Why you shouldn’t blow your tax return

Why you shouldn’t blow your tax return orange wealth

August 17, 2017 Why you shouldn’t blow your tax return

It’s that time of year.

If you’re like me, chances are you’ve done your tax return by now and are waiting on a potential return.

Going by the stats, you’re likely one of the 82 percent of Australians who’ll get a refund this year.

On average, Australians typically get a return of around $2,112, give or take.

Now, it’s easy to fall into the trap of seeing your tax return as an excuse to splurge. We’ve all been there. It’s human nature. We work hard all year – it’s completely natural to want to reward yourself.

Before you let your return burn a proverbial hole in your pocket, though, it’s worth pausing for a moment.

Rather than blowing it on something you possibly don’t really need, it’s worth considering putting your windfall to work, particularly if you’re not entirely in control of your spending, or if you’re carrying debt.

Here, having a plan is important.

My rule of thumb is this: first and foremost, pay down any debt you have.

After that, make sure you squirrel some money away for the future.

If you still have some fat left after that, then splash some cash and treat yourself a little.

I’ll break it down it for you. Here’s why you shouldn’t blow your tax return:

Pay down outstanding debt

Credit cards

Tackling high-interest debt should be your absolute priority.

If you’ve let your credit card debt balloon over the past 12 months, now’s the perfect time to reign it in.

Do the maths on the interest you’ll pay over the next six months, and you quickly work out why it’s important to tackle this one first.


I’ve touched on it previously, but with utility bills creeping higher and higher each year, it can be hard to keep on top of your bills, particularly if you have a family.

That being so, tax time can be the perfect opportunity to clear the decks with any outstanding bills you may have.


If you’re a home owner, your next cab off the rank should be your home loan.

By that I mean, use your return to pay a chunk off your mortgage, or at least pop the money into your offset, if you have one.

Squirrel money away

Emergency fund

If you haven’t got one, it’s well worth sticking money aside to kick-start an emergency fund – again, particularly if you have a family.

Touch wood something never happens, but it’s important to have a financial Plan B for those inevitable rainy days.

If you already have one, top it up.


I’m a big believer in topping up super.

If you still have money up your sleeve after clearing the decks, putting that extra cash into your super’s a good idea.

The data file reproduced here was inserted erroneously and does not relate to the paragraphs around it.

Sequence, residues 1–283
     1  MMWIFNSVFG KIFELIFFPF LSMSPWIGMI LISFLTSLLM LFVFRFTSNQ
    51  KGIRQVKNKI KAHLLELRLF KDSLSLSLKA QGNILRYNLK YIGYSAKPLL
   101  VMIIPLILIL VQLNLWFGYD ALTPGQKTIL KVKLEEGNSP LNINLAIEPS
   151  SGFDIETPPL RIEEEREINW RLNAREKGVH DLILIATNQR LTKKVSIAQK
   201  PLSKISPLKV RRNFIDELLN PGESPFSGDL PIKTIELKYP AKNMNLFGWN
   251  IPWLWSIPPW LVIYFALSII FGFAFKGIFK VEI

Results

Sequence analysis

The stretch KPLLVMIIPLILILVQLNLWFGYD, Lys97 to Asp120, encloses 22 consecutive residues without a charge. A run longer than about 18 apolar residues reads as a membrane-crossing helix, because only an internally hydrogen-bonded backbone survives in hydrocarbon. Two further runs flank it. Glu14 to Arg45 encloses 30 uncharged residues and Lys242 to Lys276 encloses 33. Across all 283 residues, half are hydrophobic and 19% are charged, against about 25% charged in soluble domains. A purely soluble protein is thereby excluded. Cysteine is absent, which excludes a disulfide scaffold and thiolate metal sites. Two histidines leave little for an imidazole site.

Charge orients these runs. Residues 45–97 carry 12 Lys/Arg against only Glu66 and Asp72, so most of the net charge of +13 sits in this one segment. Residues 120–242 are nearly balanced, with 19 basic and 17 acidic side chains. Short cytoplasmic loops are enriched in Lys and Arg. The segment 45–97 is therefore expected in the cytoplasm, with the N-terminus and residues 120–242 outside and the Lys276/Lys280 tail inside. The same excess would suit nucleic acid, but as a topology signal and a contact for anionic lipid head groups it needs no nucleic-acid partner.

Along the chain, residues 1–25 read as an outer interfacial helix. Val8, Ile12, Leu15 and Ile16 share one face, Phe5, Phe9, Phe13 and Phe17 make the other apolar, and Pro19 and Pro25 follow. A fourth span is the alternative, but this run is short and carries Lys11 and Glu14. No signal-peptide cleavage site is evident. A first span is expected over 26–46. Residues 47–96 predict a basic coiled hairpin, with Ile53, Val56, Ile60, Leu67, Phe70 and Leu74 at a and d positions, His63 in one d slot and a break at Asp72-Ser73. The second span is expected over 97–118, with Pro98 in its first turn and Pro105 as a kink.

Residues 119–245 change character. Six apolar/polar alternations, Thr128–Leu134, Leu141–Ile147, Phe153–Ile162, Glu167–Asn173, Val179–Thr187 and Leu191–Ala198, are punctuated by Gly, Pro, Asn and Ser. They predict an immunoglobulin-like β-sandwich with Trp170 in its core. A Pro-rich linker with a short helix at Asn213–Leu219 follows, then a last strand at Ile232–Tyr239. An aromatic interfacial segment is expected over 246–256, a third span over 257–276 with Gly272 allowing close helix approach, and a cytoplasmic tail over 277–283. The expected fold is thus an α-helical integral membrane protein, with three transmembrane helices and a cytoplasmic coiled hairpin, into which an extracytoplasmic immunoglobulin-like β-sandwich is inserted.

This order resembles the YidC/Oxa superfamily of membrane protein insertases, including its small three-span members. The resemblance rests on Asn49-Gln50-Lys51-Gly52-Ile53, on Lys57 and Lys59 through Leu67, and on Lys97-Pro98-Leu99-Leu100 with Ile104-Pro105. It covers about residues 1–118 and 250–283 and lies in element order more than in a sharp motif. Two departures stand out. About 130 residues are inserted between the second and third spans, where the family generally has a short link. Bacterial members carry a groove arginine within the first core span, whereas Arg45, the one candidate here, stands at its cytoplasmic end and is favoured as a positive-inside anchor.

If you’re a low-income earner, you may be eligible to receive a co-contribution from the government, which is $0.50 for every dollar you contribute up to $500.

Home deposit

If you’ve yet to dip your toe into the housing market, a sizeable tax return will give you the perfect base to start saving for your home deposit.

Speaking from experience, it’s much easier to regularly save when you have a good savings base.

Splash some cash

Home improvements

If you’re an owner-occupier or have an investment property, it’s worth considering making some improvements to your property.

If it’s an investment property, maybe consider tackling any outstanding maintenance. Bear in mind you should be able to claim it for this financial year.


Even if it’s just for a week up to the Gold Coast, put some money towards a holiday.

I can’t stress this one enough – you just can’t put a price on time away from work, particularly if you have a family.

On yourself

And by that, I mean spend it on something you actually need.

I’m talking essential stuff – things you’ve been talking about for months, but have never gotten around to – like new clothes for work, or maybe you’ve been putting off seeing the dentist for the past six months.

If it looks like you’re due for a sizeable tax return this year, you should definitely consider getting financial advice to use it to your advantage. As always, if you need a soundboard to talk through any of these, feel free to give me a shout.

Disclaimer: all information contained within this article is of a general nature. It does not take into consideration your personal financial circumstances. Please consult a professional financial adviser (just like us 🙂 ) when making a financial decision.

Jason Chew

I've been in the financial services industry for 10+ years and love coaching people to make the most of what they have.

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